S&P Global Ratings is urging infrastructure companies in South and Southeast Asia to be financially prudent as they face growing “external risks” linked to tightening funding conditions, interest rate hikes and upcoming elections in 2019.
“The past year demonstrated that political events have important implications for the infrastructure sector in the region,” the ratings agency said in a report released this week, citing a pre-election electricity tariff cap in Indonesia and the cancellation of infrastructure projects in Malaysia after a new government was elected last year.
The Philippines, Thailand, Indonesia, and India will go to the polls in 2019, while Malaysia might experience a power transfer among government leaders this year.
“Any move towards or away from government-led infrastructure spending due to political changes will determine the growth trajectory of SSEA infrastructure companies over the next three to five years,” S&P said. “Nevertheless, we don’t expect any significant impact on existing projects and cash flows.”
Similarly, the ratings agency lists exposure to possible interest rate hikes and an end to the fall of debt prices as other obstacles infrastructure companies in the region will face.
The report stresses that independent power producers and transportation companies “are more likely to feel the heat from negative external events,” due to their exposure to market demand and rate hikes.
“An appropriate capital structure may not be the one that optimises leverage but one that leaves ample cushion to absorb likely surprises,” according to the report.
Despite this, the study predicts a “moderate” increase of revenues between 5 and 7 percent over the next one to two years, and operating conditions to remain stable.
Only three of the 24 companies analysed had a negative rating outlook.
Moreover, the rating agency argues that a period of financial discipline might help some of the firms in the region. “It may enable some companies to consolidate their financial positions and restore them to healthier levels,” Abhishek Dangra, a director at S&P Global Ratings, told Infrastructure Investor.
“A case in point is the Indian renewables sector, which has been growing at 50-100 percent [levels] over the past few years,” he added. “High leverage, with debt/EBITDA of around 8x, EBITDA interest coverage of just around 1x and high capex, can create financial pressures for companies if they don’t exercise financial discipline while pursuing growth.”
He expects India will shift its focus to transmission and distribution, perhaps evaluating opportuntities for privatising “the ailing distribution sector on a selective basis”.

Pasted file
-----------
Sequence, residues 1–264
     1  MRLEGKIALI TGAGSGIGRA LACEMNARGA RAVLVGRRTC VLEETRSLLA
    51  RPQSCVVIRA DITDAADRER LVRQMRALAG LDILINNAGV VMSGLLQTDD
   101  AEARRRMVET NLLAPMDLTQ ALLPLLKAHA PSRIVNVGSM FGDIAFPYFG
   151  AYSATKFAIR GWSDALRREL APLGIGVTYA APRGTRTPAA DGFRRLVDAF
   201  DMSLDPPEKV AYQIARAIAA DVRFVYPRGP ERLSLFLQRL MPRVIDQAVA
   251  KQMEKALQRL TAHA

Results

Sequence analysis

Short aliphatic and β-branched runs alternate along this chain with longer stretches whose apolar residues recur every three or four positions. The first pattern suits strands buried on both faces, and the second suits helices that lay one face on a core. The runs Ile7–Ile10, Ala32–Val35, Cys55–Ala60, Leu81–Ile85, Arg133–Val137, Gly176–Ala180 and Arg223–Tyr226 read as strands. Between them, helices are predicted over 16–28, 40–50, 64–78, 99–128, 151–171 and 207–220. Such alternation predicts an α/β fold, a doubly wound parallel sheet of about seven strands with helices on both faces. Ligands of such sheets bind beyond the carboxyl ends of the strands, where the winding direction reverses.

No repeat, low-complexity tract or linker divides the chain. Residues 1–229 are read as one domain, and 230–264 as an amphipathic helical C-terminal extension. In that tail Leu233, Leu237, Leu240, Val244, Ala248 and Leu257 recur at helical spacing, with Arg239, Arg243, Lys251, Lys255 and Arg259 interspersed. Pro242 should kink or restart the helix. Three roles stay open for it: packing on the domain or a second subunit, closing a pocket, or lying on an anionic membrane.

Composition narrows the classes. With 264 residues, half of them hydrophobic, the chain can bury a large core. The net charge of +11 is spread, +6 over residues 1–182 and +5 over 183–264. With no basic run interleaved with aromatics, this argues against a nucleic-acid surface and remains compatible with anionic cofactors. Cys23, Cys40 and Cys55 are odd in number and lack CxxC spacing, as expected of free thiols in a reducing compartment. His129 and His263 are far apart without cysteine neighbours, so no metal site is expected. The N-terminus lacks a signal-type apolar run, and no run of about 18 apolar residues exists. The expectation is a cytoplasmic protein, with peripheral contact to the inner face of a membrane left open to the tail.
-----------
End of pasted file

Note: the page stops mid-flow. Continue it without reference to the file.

But, airport privatisations will “lead the charge for PPPs” in the country, “given the high-quality assets and strong passenger growth in airports built by the private sector,” Dangra said. He did, however, acknowledge that the bundle of six airports the country is currently looking to privatise could get delayed due to elections scheduled to take place in May.
At the same time, he believes that successful experiences from recent years will encourage governments in the region to keep expanding private participation in the infrastructure sector.“All countries in the region (barring the Philippines […]) currently seem keen on greater private participation in infrastructure development,” Dangra said. In addition to India’s ongoing privatisation of airports, he also referred to the country’s roads privatisation as well as growing interest in Indonesia’s transportation sector.
“The success for PPPs will depend on whether commercially feasible projects are offered with balanced risk-sharing and fairly predictable regulatory and contractual environments,” he said.
While current conditions may “result in some slowdown, […] we still expect infrastructure to remain a focus for many SSEA countries to drive economic growth and help bridge the existing infrastructure deficit,” Dangra explained.
“Periods before elections and post elections may result in greater uncertainties, impacting spending and future growth plans. After a short period, we expect infrastructure spending to again pick up some pace once the policy directions of new or existing governments (if re-elected) become clearer,” he concluded.